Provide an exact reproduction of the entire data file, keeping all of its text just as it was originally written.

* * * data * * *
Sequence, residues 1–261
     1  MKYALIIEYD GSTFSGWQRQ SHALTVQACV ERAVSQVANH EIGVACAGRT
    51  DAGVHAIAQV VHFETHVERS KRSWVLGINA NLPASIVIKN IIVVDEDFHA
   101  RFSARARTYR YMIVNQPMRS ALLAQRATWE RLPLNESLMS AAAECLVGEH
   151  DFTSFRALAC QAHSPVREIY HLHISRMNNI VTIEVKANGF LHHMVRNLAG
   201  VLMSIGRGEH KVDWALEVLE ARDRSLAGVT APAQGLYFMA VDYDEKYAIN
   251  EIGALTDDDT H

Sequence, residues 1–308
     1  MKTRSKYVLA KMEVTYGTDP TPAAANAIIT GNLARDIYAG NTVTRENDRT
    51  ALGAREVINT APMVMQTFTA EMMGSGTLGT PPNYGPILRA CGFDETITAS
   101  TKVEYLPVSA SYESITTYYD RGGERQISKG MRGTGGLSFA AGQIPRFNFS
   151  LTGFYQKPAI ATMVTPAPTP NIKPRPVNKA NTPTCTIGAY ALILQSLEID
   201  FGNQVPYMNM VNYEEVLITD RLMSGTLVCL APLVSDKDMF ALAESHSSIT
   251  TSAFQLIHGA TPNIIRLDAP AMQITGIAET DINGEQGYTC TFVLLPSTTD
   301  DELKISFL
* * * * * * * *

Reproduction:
Sequence, residues 1–261
     1  MKYALIIEYD GSTFSGWQRQ SHALTVQACV ERAVSQVANH EIGVACAGRT
    51  DAGVHAIAQV VHFETHVERS KRSWVLGINA NLPASIVIKN IIVVDEDFHA
   101  RFSARARTYR YMIVNQPMRS ALLAQRATWE RLPLNESLMS AAAECLVGEH
   151  DFTSFRALAC QAHSPVREIY HLHISRMNNI VTIEVKANGF LHHMVRNLAG
   201  VLMSIGRGEH KVDWALEVLE ARDRSLAGVT APAQGLYFMA VDYDEKYAIN
   251  EIGALTDDDT H

Sequence, residues 1–308
     1  MKTRSKYVLA KMEVTYGTDP TPAAANAIIT GNLARDIYAG NTVTRENDRT
    51  ALGAREVINT APMVMQTFTA EMMGSGTLGT PPNYGPILRA CGFDETITAS
   101  TKVEYLPVSA SYESITTYYD RGGERQISKG MRGTGGLSFA AGQIPRFNFS
   151  LTGFYQKPAI ATMVTPAPTP NIKPRPVNKA NTPTCTIGAY ALILQSLEID
   201  FGNQVPYMNM VNYEEVLITD RLMSGTLVCL APLVSDKDMF ALAESHSSIT
   251  TSAFQLIHGA TPNIIRLDAP AMQITGIAET DINGEQGYTC TFVLLPSTTD
   301  DELKISFL